Tired of feeling boxed in by your game console? Then rush over to Kickstarter and get ready to throw your money at the screen. Ouya (pronounced "ooo-yah!"), the widely publicized new platform, is an open game console built on Android that supports free-to-play games and is getting close to completing its campaign to take its prototype to production scale.
For only $99, backers will receive their own Ouya console and one controller scheduled to be delivered in April of next year.
Less than three days remain in the record-breaking project and backers have raised close to $7 million to disrupt the game console market. Kickstarter reports that Ouya raised $1 million in less than 9 hours (the "fastest to a million" award) and the "most earned in 24 hours" record of $2.5 million, knocking crowdfunded gaming's poster child Double Fine out of top place.
[UPDATE: The Ouya Kickstarter has ended, and while it didn't break Pebble's record for most funded project with over $10 million funds provided, the game console came in second with $8.6 million raised. If you missed your chance, preorders of the console are available on Ouya's new website for $109.]
Even before crossing the project's finish line, Ouya has made deals to deliver content from live video streaming company Twitch TV, OnLive (delivering games like Final Fantasy), Clear Channel's live streaming radio service iHeartRadio, and Vevo, which has had great success with delivering music videos on YouTube. Ouya even has its first exclusive gaming content, prequel episodes to Human Element from Robotoki.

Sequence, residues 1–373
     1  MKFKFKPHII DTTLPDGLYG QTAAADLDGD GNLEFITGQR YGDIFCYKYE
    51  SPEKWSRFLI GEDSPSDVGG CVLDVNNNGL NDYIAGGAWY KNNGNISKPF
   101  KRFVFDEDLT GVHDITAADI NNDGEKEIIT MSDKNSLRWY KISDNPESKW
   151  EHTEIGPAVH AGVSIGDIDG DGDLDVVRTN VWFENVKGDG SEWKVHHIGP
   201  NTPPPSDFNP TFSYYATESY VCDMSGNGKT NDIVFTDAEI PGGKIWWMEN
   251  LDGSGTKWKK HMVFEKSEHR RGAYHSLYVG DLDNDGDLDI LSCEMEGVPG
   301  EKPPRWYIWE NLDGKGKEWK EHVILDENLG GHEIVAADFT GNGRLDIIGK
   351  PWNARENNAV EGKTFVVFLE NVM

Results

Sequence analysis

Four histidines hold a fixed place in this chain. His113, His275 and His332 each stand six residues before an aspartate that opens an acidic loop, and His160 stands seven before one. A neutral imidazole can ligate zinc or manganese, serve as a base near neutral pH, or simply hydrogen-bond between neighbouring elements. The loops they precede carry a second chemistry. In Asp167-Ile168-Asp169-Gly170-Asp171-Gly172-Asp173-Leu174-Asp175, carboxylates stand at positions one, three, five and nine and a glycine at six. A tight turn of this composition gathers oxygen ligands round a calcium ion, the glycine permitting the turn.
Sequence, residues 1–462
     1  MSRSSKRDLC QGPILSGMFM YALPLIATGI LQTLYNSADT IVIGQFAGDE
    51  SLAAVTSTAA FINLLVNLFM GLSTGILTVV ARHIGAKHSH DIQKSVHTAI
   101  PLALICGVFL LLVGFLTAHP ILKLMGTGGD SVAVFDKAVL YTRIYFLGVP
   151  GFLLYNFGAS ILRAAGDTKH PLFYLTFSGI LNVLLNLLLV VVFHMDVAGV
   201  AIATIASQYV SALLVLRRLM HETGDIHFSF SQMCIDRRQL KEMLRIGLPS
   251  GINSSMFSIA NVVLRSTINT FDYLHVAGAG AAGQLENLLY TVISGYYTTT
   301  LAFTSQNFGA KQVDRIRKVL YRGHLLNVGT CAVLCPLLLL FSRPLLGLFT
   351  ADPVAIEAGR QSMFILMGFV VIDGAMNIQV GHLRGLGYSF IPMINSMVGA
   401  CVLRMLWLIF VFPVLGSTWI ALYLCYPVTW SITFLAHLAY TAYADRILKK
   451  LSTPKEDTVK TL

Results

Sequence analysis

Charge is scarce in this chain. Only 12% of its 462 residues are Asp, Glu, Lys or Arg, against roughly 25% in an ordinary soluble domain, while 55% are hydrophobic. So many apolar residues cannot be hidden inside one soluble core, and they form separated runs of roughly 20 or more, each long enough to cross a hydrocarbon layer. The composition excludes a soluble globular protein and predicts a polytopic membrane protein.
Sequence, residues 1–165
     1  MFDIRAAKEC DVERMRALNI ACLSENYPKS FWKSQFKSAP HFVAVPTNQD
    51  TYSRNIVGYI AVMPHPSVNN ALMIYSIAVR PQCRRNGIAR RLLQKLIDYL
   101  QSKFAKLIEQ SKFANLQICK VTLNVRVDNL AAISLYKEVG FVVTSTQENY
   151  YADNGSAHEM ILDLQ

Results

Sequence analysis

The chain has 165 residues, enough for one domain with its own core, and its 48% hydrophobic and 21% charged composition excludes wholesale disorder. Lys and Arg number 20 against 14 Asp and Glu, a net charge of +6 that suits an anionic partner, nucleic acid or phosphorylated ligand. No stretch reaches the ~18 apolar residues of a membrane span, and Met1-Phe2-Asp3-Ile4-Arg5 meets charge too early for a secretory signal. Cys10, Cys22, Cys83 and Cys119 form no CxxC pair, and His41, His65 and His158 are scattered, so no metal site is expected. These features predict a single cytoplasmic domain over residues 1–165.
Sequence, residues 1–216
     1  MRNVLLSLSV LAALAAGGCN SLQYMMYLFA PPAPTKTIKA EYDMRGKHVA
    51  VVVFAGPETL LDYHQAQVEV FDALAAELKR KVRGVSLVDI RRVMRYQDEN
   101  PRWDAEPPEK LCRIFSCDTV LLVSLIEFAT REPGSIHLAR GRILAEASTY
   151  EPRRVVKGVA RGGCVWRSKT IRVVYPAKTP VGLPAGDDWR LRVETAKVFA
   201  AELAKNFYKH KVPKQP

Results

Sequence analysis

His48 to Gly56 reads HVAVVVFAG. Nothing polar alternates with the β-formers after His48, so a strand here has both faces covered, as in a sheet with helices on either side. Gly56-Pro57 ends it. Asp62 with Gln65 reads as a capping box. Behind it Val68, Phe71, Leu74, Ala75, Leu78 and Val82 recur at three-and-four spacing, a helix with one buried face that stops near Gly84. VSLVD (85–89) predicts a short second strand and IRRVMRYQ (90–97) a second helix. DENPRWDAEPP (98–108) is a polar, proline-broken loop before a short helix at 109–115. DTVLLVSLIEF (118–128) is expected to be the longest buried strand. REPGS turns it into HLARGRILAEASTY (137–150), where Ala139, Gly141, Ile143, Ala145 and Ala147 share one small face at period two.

It'll even have Minecraft.
Perhaps you can see the appeal of the new console with their intriguing pitch:
Ouya is the brain child of Julie Uhrman, former VP at GameFly and IGN Entertainment, with a background in digital delivery and mobile strategies. With the design firm behind the $100 laptop and the Jambox developing the "perfect" controller for the platform, the company has convinced established game developers, like Brian Fargo of inXile games (the company behind the Wasteland 2 revamp, itself a hugely successful Kickstarter project), to give a thumbs up to the project.
Going open source means that instead of having an army of developers trying to control everything, anyone who wants to jump into game development will be able to. That potentially means a large library of games could become available, especially since the platform will require developers to offer at least part of the game for free.
The platform seems poised to make a system that hackers and console enthusiasts can sink their teeth into. But the question is, how many people are ready for an entirely new platform in the aging console space? Just over
51,000, at current count 63,000 by the end. That's how many backers have signed up, and based on the tracking from the awesome site Kicktraq, over half of those interested signed up in the first few days:
[UPDATE: Over the final few days, Ouya saw an unprecedented 11,568 backers jump on board and an additional $1.7 million was raised, according to Kicktraq.]